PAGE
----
Richard Sowinski is the inventor of a patent directed to an “electronic method and apparatus for validating and trading consumer pollution-control tax credits.” In a first set of lawsuits starting in 2015, Sowinski sued the California Air Resources Board (CARB) in state court, alleging infringement by CARB’s Cap-and-Trade Program. CARB removed the case to district court and filed several motions to dismiss. The district court dismissed the complaint after Sowinski failed to respond to these motions before the deadline. The dismissal was upheld on appeal.

As part of a second round of lawsuits starting in 2018, Sowinski filed a complaint in federal court that was “substantially identical” to the 2015 case, except the 2018 complaint sought infringement damages arising after the 2015 case decision. CARB moved to dismiss, arguing that the claim was barred based on the doctrine of res judicata, which prevents a civil claim from being tried if it arises out of the “same transaction or common nucleus of operative facts” of a prior case where the merits were adjudicated. The district court agreed and granted CARB’s motion to dismiss. Sowinski appealed.

Sowinski argued that res judicata did not apply to his case because the prior suit was resolved on procedural grounds, not the merits of infringement, and because the current complaint sought infringement damages occurring after the conclusion of his last lawsuit. For res judicata on what Sowinski called a “technicality,” the Federal Circuit applied Ninth Circuit procedural law. Under Ninth Circuit law, preclusion applies when a prior suit involved the same claim as the later suit, reached a final judgment on the merits and involved identical parties. The Court also noted that for preclusion purposes, dismissal for failure to prosecute is an adjudication on the merits. Applying these factors, the Federal Circuit affirmed the district court’s decision, explaining that res judicata generally applies when “a patentee seeks to assert the same patent against the same party and the same subject matter.”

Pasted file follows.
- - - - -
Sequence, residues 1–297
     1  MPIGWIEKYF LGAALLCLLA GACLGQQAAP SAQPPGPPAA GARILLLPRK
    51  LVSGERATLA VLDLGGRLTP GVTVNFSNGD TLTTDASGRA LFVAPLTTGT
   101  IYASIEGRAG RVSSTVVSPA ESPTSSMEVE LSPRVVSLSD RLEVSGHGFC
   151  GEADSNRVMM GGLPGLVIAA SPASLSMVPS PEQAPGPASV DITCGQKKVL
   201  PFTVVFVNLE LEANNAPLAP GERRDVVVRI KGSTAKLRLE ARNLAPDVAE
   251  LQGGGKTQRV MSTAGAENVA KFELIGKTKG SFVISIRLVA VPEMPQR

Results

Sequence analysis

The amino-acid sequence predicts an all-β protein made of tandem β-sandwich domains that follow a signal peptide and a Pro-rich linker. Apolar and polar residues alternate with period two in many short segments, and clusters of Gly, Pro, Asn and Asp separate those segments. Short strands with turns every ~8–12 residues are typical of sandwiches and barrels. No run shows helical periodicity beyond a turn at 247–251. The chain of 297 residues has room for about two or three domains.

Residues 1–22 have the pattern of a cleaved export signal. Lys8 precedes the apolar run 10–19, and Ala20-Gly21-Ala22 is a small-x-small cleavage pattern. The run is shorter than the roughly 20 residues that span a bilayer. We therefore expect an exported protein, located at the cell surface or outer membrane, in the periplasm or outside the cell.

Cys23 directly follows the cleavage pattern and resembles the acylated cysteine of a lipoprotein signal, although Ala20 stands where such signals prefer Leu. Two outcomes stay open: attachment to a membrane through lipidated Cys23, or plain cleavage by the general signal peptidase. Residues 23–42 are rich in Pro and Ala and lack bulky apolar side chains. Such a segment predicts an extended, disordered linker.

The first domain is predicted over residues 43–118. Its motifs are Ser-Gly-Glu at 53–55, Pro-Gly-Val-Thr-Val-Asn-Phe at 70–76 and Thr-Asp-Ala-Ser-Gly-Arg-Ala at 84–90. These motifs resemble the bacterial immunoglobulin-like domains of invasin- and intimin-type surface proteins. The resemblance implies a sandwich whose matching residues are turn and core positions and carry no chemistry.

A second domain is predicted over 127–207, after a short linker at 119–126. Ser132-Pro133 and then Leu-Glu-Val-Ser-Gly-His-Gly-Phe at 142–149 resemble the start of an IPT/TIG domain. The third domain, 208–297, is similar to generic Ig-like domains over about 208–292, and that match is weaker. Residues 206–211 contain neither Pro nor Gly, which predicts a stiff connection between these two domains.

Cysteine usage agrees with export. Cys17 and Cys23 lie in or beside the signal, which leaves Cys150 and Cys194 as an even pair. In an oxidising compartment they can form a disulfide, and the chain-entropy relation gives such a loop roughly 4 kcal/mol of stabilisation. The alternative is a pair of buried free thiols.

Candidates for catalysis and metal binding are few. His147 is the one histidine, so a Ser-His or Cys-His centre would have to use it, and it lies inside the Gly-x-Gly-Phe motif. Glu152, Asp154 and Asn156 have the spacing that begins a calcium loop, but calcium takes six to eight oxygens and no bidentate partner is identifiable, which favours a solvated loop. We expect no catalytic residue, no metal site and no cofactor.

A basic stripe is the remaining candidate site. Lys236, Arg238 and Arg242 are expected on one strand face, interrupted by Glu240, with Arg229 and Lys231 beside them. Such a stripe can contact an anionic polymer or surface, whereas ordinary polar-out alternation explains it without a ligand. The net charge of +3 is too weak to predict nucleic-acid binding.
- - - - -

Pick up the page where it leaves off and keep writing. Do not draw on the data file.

The Federal Circuit found that preclusion can also apply to claims arising after the prior judgment, explaining that one cannot challenge the repetition of an act in a subsequent suit if the act was judged not wrongful. The Court explained that preclusion applies when the accused products or methods are essentially the same. Here, CARB activity was held not to be infringing in the 2015 case because of Sowinski’s failure to respond, and Sowinski’s 2018 complaint described CARB’s ongoing activities as the same as those in the 2015 case. The Federal Circuit therefore affirmed the district court’s decision, explaining that Sowinski alleged no different conduct or acts against the same defendant.